Ellicott City's historic district has its first Main Street manager in more than two decades, the group charged with preserving and promoting the old town announced Wednesday.
Debra W. Korb has been hired for the position, which was created by the Ellicott City Historic District Partnership as a way to communicate the old town's interests through a more centralized voice. Korb has already started the job, according to ECHDP interim President Andy Hall.
He said the group had received some 40 applications for the post and had interviewed candidates from "far and wide" -- prospective managers came from New Jersey, New Mexico and Connecticut -- before deciding on Korb.
According to a press release announcing the hire, Korb most recently worked as executive director of Henry Clay's Estate in Ashland, which is a National Historic Landmark in Lexington, Ky. She has worked in corporate and non-profit business for more than a decade, the partnership said.
The news was accompanied June 18 by another announcement of an agreement between the historic district partnership and the Howard County Economic Development Authority to provide $100,000 over a three-year period to help fund the Main Street manager position.
The historic district partnership will provide funds to match HCEDA's contribution, Hall said.
Hiring a Main Street manager falls in line with the historic district's goal of receiving a Main Street Maryland designation from the state, a competitive program which seeks to improve the economic standing of member towns through rehabilitation, marketing and enhanced sustainability measures.
If Ellicott City is accepted into the Main Street Maryland program, it would join other historic towns throughout the state, including Annapolis, Havre de Grace, Frederick and Westminster. Hiring a dedicated staff person for the town is a prerequisite for acceptance.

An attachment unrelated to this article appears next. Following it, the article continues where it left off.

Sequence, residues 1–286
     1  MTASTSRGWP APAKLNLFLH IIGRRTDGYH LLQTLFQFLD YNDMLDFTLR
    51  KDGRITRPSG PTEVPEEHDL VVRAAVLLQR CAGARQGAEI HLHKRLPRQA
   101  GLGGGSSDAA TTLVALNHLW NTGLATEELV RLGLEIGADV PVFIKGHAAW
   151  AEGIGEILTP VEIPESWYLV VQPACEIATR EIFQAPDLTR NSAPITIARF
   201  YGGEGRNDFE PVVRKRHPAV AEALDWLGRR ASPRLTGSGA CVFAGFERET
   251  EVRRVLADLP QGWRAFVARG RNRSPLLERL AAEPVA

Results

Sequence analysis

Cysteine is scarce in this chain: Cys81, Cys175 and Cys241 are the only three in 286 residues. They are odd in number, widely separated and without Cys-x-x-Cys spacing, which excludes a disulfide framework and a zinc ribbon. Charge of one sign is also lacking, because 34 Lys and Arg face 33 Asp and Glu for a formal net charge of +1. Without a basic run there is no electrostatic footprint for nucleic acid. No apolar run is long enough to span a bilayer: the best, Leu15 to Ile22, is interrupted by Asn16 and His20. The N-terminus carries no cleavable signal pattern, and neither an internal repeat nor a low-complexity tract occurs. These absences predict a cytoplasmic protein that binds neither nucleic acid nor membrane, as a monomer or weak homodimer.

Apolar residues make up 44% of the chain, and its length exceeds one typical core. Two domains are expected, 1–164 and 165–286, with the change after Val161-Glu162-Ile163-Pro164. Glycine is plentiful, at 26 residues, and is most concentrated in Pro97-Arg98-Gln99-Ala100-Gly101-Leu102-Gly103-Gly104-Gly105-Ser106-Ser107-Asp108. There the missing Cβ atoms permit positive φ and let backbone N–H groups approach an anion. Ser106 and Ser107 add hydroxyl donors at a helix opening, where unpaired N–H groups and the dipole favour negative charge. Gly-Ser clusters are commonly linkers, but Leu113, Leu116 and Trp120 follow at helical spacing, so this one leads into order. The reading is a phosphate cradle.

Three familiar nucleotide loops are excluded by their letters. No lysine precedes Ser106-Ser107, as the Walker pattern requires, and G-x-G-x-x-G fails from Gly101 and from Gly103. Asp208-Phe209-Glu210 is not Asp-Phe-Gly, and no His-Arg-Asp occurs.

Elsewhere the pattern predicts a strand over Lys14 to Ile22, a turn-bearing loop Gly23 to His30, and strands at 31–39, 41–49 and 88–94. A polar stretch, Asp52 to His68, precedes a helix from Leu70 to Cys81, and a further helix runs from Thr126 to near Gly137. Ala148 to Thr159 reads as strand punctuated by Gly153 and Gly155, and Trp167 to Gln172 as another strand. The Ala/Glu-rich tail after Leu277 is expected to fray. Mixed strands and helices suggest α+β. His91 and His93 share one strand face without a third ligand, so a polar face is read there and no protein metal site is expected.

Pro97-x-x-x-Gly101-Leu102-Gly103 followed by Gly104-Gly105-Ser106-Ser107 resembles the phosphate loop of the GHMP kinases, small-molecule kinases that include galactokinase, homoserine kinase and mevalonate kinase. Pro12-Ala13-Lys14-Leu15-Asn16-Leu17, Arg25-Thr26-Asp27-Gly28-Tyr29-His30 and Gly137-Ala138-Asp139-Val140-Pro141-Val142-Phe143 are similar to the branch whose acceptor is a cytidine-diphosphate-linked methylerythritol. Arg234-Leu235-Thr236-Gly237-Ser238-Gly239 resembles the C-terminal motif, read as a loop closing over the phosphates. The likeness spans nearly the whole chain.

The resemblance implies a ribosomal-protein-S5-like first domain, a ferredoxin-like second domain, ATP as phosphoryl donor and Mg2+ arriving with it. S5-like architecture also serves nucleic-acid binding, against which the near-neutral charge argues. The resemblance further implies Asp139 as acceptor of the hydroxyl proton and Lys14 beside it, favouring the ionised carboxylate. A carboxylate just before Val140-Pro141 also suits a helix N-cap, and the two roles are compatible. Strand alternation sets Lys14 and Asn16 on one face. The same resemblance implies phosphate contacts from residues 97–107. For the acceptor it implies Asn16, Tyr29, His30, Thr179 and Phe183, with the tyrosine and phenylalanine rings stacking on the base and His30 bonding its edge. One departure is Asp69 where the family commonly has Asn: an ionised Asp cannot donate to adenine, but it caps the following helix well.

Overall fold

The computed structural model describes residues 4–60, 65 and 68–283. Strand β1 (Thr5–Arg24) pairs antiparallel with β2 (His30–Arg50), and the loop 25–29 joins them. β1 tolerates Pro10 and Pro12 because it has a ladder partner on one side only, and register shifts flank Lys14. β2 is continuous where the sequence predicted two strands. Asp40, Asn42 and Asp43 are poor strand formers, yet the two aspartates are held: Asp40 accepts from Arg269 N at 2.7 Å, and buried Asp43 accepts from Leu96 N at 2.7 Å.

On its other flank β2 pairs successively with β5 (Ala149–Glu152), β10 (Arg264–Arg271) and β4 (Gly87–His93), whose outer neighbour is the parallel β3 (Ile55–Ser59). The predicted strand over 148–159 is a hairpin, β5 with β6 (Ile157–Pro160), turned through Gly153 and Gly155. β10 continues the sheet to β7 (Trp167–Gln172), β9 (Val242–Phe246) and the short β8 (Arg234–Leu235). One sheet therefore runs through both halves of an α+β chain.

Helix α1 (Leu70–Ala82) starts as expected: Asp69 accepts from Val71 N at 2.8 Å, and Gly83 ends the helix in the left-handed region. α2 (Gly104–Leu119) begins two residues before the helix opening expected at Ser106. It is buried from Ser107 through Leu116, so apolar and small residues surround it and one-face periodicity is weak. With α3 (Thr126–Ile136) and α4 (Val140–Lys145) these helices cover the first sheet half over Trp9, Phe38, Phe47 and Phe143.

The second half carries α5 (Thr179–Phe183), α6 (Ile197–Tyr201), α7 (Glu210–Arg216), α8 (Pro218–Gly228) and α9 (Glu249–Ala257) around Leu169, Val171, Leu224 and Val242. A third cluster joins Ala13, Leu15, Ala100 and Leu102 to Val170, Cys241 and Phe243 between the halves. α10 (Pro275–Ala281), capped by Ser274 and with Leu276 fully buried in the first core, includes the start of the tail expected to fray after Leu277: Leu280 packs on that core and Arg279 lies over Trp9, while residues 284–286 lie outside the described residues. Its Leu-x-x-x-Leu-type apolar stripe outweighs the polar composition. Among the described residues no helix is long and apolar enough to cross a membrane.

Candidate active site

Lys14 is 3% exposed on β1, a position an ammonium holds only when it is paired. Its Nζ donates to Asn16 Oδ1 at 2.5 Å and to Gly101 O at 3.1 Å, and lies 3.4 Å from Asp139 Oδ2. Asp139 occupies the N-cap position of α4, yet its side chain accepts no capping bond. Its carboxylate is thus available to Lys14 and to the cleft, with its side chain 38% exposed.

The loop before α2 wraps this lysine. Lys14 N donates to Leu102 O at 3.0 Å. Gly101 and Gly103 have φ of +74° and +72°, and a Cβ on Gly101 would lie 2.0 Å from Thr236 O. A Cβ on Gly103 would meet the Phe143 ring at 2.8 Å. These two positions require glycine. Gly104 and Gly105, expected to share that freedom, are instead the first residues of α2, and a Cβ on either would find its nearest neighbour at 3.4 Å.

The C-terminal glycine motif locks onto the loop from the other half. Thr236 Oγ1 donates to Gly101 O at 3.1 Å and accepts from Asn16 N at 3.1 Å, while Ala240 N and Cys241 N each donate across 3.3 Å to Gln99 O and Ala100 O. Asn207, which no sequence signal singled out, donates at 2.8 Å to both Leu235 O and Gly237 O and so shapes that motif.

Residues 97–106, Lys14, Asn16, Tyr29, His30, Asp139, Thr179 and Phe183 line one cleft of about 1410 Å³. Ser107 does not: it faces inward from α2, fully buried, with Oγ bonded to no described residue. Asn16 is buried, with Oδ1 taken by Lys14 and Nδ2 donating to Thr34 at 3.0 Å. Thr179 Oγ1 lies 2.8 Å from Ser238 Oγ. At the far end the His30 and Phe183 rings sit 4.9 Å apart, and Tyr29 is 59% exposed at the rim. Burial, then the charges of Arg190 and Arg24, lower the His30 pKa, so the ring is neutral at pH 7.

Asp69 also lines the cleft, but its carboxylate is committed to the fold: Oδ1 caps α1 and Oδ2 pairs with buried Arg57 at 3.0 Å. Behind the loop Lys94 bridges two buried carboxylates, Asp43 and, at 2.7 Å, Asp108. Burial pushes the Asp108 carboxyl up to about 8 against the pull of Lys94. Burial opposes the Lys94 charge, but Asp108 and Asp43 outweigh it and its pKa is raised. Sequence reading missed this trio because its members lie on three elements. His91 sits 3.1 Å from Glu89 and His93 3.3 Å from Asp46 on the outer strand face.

In recent years, the county has dedicated more than $3 million towards renovation of Ellicott City's historic downtown. Main Street recently received a fresh coat of paint as one of 20 winners of a Benjamin Moore-sponsored contest called "Main Street Matters."
“Historic Ellicott City is one of our county’s signature communities,” Howard County Executive Ken Ulman said in a statement. “We are already committing millions to capital projects to make the Main Street area friendlier to pedestrians and the environment and to help merchants and residents. We want to ensure that Ellicott City is vibrant and thriving for decades to come and this partnership to help us gain the Main Street Maryland designation will help us achieve that goal.”
Hall said the economic development authority's support put Ellicott City "well on our way to achieving Main Street designation.
“Efforts like this require great partnerships and we [are] delighted to be working closely with all of the stakeholders concerned about the future of Historic Ellicott City," he said in a statement.
HCEDA CEO Lawrence F. Twele said achieving Main Street status can help Ellicott City "build on the momentum that’s growing in the historic district, increasing business and becoming even more of a focal point for economic opportunities in Howard County."